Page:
Airless Paint Sprayers


I have some painting to do. Interior ceilings / walls and exterior. Exterior is about 1/4 wood and 3/4 stucco.
I am contemplating buying an airless sprayer. The Titan XT 440 was recommended to me as a sprayer that can handle elastomerics. It's probably a couple hundred dollars more than other models I'd consider, but if it's really going to do the job I'd consider it. Do these high- end consumer/low-end contractor models work well?
Do you need to backroll stucco?
Is the GPM rating more or less a hard number? I know you can reduce pressure, but I assume there is a pressure range based on tip size and paint viscosity/solid content that provides an acceptable spray pattern. Does that mean that if I have a room that's going to take 2 gallons of paint with the XT440 (at .43GPM) I'll be done spraying in under 5 minutes assuming continuous flow? (And hours of prep and an hour to clean the sprayer) It seems like I'll be running with the gun.
How thick of a plastic do I need to use to mask things? Too thin and you blow through it. Too thick and it's heavy / more costly.
Are the paint mfg tip size ratings pretty much correct? Also, if they recommend a .018 tip and your choices are .017 and .019, which do you choose?
How long does it take for the overspray to settle and you can take the masking down?
I'm sure I have a thousand other questions, but I'd rather not waste everyones time with them.
Thanks, Dick
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I have a Titan 440 that is 20 years old with about 500 gallons through it, it still is fine and no rebuild yet. Interior spray? how many rooms, whats the floor, Different tips for different products 17 oil, 18-19 latex. Have you sprayed before
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Titan is high end commercial.
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Kathleen wrote:

Consider Graco mid and upscale models. Widely sold and well respected, parts and service everywhere. If you are working with a real paint store, consider renting a couple of different machines out for a weekend spin each to see which one is your style. Some are slower than others, but more adjustable for different materials. And some big honkers really only should be used on production lines. Make a careful choice and good luck.
Joe
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Kathleen wrote:

I only have one experience with them but will tell you a bit about that...
I bought one - don't recall the brand but low end - when I built my house to paint the entire exterior (stucco) and interior (heavy orange peel). The interior of the house has 5400 sq.ft., ceilings vary from 8' - 12'. There are about 4,000 sq.ft. of exterior wall not subtracting windows/doors of which there are many.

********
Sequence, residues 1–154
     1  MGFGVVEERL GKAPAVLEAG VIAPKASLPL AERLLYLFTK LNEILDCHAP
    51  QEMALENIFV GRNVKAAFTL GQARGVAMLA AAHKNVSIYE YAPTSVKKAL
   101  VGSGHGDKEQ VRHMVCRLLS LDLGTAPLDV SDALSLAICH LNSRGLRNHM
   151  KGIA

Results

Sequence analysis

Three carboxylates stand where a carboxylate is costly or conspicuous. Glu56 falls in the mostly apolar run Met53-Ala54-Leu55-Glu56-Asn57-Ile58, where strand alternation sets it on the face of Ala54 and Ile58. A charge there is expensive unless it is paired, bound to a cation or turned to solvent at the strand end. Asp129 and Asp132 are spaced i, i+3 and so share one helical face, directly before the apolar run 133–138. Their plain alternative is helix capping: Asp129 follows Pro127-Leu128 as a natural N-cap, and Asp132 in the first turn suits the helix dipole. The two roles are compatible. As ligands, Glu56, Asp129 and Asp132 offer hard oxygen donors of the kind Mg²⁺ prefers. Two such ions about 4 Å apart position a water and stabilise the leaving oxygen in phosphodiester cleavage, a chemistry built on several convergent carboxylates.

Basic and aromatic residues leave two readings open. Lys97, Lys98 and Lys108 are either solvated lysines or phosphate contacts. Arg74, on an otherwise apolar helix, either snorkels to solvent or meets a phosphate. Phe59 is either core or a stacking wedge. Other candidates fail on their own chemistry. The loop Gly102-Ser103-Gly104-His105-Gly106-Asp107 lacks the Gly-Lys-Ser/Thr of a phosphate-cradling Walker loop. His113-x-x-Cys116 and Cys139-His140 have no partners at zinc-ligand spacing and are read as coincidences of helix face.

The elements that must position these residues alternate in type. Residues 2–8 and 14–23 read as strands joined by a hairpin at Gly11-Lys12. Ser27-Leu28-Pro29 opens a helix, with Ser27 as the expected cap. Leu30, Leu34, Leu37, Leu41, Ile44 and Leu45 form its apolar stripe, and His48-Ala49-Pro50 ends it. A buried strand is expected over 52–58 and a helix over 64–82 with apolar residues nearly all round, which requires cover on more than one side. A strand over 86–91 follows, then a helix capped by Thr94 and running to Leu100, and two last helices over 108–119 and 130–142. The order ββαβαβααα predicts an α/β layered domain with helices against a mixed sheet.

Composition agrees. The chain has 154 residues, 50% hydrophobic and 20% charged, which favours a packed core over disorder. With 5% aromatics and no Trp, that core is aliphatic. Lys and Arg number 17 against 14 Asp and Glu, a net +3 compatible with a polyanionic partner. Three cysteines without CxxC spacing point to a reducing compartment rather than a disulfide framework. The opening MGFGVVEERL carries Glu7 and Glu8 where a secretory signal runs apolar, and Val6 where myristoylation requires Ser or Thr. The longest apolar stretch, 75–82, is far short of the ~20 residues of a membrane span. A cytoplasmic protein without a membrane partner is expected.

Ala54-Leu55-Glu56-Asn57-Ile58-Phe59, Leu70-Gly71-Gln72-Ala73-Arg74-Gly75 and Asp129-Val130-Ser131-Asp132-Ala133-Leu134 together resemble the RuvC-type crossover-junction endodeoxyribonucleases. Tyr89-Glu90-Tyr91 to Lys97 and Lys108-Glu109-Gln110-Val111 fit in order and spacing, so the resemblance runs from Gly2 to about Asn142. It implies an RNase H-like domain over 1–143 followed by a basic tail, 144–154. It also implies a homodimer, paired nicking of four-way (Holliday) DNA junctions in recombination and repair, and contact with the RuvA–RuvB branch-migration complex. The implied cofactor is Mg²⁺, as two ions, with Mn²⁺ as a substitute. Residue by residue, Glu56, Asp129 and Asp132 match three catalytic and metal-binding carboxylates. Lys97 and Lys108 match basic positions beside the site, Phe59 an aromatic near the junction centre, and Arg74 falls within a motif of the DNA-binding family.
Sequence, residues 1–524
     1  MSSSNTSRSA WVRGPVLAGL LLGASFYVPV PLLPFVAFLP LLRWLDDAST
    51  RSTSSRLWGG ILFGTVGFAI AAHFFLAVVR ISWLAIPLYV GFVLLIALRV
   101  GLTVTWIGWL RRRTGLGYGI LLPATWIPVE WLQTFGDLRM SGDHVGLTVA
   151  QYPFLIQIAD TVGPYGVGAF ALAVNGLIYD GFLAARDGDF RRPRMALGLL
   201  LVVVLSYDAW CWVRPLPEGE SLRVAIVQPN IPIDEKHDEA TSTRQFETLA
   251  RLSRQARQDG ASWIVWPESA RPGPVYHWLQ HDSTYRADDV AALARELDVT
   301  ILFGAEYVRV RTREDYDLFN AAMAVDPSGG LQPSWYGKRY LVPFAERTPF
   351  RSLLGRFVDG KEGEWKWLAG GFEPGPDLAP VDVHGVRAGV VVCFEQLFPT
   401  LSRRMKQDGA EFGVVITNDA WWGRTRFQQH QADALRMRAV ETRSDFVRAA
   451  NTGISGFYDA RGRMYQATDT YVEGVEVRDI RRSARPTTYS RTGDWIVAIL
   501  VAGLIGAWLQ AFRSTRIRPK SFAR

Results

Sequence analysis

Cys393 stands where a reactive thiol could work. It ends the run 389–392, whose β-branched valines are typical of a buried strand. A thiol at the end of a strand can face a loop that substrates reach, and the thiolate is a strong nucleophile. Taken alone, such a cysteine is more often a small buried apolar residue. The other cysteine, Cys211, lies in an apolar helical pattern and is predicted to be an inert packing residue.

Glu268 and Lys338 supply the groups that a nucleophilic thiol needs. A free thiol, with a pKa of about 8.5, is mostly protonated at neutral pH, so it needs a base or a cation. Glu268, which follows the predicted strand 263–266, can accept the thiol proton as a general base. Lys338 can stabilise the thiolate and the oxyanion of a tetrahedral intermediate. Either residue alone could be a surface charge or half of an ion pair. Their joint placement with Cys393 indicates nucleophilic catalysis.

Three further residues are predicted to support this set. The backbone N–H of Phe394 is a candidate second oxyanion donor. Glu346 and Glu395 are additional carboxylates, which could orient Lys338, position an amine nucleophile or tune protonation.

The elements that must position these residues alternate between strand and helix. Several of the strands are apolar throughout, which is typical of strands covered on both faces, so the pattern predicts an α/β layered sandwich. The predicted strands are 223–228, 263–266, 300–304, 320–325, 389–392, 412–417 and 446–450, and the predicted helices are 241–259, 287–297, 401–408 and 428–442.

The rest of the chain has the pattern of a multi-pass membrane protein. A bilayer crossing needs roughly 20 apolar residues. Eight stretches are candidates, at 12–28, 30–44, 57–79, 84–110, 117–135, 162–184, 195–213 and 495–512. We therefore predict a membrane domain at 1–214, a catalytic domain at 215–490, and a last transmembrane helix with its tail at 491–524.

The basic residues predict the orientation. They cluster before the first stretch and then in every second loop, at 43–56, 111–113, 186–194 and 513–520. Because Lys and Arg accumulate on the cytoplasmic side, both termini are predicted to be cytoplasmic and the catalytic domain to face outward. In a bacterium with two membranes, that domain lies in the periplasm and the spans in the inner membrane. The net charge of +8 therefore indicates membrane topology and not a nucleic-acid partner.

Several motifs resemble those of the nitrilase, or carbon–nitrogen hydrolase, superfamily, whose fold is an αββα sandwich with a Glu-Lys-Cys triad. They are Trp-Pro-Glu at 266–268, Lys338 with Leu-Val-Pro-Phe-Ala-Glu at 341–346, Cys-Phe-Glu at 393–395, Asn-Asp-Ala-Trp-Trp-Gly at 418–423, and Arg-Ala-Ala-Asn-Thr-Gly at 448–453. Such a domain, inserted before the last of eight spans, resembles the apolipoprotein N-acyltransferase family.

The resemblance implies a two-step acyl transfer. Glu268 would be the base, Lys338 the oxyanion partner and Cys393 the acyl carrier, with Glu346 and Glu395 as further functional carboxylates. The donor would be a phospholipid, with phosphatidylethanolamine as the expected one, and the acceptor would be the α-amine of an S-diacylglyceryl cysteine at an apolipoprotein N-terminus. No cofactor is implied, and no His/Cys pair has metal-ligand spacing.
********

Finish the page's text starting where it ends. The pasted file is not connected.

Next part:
I gave up on spraying the exterior...the time to mask would have been much greater than cutting in edges with a brush and then rolling. Had I sprayed, I expect that back rolling would have been necessary.
Fortunately, the interior was already masked from when the walls were shot with mud for texture. The plastic the texture guys used was not a thin film but it wasn't heavy like visqueen either. Regardless, I can't see a sprayer blowing through a thin film. Not unless it was really stretched tight and you put the nozzle directly against it.
There is a *LOT* of overspray! Spray a walk in closet with white paint and it is like being lost in a blizzard; however, it takes little time for the overspray to dry. Maybe 20 minutes(?) assuming it isn't real thick and the humidity isn't high.
Even though it took me only three days to paint the entire interior, walls and ceilings, with a primer and at least one coat of finish paint I would *never* spray the interior of a house unless it is bare - no rugs/carpets...no furniture...no trim...no cabinets...no doors...no electric outlet covers - because of the time to cover and mask.
Because of the wall texture, I found my best results to be by making one pass angled a bit to one side and down followed by a second pass angled to the other side and up.
--

dadiOH
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My experience and advice are the same. Unless it's new construction, or you can take EVERYTHING OUT of the place, the overspray will be on everything. One thing where an airless did a better than expected job for me was spraying over popcorn. We did it on rentals, and it sure is easier, and quicker than scraping the popcorn, even though that's no big job. It looks great, too, and hopefully, we'll sell them before the paint needs repainting or scraping eventually.
Steve
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Thanks for all the responses.
dadiOH commented that the overspray dried after about 20 minutes. Is it safe to take the masking down at that point or should you wait considerably longer for all the paint to settle?
I appreciate all the advice.
-Dick
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Kathleen wrote:

Opinion...
The overspray doesn't float around in the air like dust motes. It is heavy and settles rapidly. If there *were* itsy-bitsy floaters they would dry almost immediately so I'd think 20 minutes would be sufficient for overspray to have dried or set up even if you were using oil paint.
However, that doesn't mean what you sprayed is dry. You can pull the tape as soon as the paint is dry enough not to run. However, with some paints, taking off the tape while the dried film is thin and tender results in the paint edge tearing; OTOH, waiting until the paint is totally dry can result in edge chipping. Just have to try it and see...
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I have found out that the longer you leave the tape on, the more comes off with the tape. Even the undercoat. I pull tape shortly after spraying while the paint is still wet. Otherwise, the tape pulls off strips of the new paint.
steve
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